Please note that Mommsen uses the AUC chronology (Ab Urbe Condita), i.e. from the founding of the City of Rome. You can use this reference table to have the B.C. dates
From: The History of Rome, by Theodor Mommsen
Translated with the sanction of the author by William Purdie Dickson
Lastly in Asia Minor the territorial arrangements, which had been made under Roman influence after the dissolution of the kingdom of Attalus,(3) still subsisted in the main unchanged.
3. Cf. IV. I. Western Asia
In the condition of the dependent states--the kingdoms of Bithynia, Cappadocia, Pontus, the principalities of Paphlagonia and Galatia, the numerous city-leagues and free towns--no outward change was at first discernible. But, intrinsically, the character of the Roman rule had certainly undergone everywhere a material alteration. Partly through the constant growth of oppression naturally incident to every tyrannic government, partly through the indirect operation of the Roman revolution--in the seizure, for instance, of the property of the soil in the province of Asia by Gaius Gracchus, in the Roman tenths and customs, and in the human hunts which the collectors of the revenue added to their other avocations there--the Roman rule, barely tolerable even from the first, pressed so heavily on Asia that neither the crown of the king nor the hut of the peasant there was any longer safe from confiscation, that every stalk of corn seemed to grow for the Roman -decumanus-, and every child of free parents seemed to be born for the Roman slave-drivers.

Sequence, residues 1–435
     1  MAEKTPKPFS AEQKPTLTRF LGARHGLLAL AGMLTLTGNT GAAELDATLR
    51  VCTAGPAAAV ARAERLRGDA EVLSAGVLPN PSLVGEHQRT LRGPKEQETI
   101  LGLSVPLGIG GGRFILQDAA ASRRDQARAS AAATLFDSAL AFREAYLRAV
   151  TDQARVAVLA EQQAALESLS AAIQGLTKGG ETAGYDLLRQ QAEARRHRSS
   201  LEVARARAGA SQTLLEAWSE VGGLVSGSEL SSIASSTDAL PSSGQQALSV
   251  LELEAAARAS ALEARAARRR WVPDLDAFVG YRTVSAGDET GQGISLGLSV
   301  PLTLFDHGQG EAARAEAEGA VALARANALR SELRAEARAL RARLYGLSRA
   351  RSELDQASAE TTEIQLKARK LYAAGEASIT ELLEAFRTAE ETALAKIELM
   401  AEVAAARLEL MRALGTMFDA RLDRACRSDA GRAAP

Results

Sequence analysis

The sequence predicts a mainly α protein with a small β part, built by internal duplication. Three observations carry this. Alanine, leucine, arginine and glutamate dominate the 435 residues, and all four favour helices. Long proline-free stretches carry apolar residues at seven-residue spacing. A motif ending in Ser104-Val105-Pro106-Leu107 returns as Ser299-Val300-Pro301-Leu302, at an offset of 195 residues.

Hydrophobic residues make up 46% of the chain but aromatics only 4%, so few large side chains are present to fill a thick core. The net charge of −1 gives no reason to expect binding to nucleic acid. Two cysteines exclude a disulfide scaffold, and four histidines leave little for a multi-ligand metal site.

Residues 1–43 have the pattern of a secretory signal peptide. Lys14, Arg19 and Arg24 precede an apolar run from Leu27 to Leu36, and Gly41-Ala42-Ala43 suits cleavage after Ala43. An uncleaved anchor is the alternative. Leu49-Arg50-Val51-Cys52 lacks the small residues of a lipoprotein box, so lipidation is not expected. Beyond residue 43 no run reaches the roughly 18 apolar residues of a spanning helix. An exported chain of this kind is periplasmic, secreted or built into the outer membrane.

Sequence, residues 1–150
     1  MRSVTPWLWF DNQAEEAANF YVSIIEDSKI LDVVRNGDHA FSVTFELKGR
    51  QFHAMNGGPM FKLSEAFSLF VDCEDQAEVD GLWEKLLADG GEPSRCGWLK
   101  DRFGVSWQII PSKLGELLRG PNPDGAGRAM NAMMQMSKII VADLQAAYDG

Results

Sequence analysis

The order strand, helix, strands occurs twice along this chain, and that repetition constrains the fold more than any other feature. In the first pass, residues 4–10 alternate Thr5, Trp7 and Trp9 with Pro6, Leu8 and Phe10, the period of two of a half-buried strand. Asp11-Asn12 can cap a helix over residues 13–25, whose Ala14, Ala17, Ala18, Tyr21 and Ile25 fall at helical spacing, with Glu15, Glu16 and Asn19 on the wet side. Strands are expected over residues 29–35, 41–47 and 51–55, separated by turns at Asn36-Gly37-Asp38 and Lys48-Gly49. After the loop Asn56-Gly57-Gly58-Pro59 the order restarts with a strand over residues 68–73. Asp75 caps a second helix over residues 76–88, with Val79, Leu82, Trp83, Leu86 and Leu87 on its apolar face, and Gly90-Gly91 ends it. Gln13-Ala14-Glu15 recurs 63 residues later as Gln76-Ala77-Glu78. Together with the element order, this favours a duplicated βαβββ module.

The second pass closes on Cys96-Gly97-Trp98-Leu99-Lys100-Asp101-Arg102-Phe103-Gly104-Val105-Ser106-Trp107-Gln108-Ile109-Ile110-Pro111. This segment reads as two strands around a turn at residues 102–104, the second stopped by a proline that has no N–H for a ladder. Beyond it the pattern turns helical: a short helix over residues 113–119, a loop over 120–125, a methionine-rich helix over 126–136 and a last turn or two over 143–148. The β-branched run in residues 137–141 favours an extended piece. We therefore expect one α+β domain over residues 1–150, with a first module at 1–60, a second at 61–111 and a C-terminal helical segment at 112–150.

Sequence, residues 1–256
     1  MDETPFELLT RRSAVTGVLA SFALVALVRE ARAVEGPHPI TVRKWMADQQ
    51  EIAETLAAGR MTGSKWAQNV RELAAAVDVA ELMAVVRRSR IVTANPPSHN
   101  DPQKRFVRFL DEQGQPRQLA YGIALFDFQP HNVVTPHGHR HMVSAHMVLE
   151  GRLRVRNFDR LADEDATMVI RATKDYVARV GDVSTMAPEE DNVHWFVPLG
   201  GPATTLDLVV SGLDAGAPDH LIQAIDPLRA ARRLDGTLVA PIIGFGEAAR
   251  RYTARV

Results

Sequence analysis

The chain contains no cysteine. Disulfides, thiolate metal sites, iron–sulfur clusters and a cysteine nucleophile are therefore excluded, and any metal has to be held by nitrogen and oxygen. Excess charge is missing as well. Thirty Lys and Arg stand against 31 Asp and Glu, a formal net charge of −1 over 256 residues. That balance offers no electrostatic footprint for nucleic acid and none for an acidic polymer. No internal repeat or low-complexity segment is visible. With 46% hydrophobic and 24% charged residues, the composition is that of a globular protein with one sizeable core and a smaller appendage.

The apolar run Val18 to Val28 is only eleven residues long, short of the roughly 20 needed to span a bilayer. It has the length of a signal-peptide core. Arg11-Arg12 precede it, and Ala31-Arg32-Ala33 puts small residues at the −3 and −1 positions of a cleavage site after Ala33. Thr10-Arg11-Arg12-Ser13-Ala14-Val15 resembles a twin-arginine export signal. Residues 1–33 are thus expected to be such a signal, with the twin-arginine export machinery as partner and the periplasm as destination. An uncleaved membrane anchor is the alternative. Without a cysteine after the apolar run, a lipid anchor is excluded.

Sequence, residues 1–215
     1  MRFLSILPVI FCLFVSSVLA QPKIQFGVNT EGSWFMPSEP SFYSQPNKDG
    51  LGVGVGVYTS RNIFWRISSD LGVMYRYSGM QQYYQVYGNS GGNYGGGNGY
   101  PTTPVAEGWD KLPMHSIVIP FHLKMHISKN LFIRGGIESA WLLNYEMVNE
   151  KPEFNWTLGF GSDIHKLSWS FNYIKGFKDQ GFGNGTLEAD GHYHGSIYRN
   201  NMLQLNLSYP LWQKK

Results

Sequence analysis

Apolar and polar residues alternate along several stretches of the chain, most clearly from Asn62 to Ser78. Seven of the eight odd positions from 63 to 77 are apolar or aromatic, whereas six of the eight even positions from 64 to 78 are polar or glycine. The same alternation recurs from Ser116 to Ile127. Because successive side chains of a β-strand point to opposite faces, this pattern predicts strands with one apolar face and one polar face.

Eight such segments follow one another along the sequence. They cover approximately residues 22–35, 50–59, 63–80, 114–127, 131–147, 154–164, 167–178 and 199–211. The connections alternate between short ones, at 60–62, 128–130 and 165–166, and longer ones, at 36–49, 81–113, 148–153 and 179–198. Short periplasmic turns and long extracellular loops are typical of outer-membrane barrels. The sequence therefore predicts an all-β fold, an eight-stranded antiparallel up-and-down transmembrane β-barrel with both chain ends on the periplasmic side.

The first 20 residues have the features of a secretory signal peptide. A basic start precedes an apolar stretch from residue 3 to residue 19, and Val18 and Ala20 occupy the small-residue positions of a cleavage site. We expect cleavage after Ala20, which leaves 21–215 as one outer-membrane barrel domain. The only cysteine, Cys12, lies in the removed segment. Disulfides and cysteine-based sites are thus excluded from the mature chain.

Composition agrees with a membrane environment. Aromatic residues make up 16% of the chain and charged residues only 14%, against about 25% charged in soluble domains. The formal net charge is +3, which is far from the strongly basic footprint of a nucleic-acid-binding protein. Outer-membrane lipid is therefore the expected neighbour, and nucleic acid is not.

It is true that the Asiatic bore even this torture with his inexhaustible passive endurance; but it was not patience and reflection that made him bear it peacefully. It was rather the peculiarly Oriental lack of initiative; and in these peaceful lands, amidst these effeminate nations, strange and terrible things might happen, if once there should appear among them a man who knew how to give the signal for revolt.
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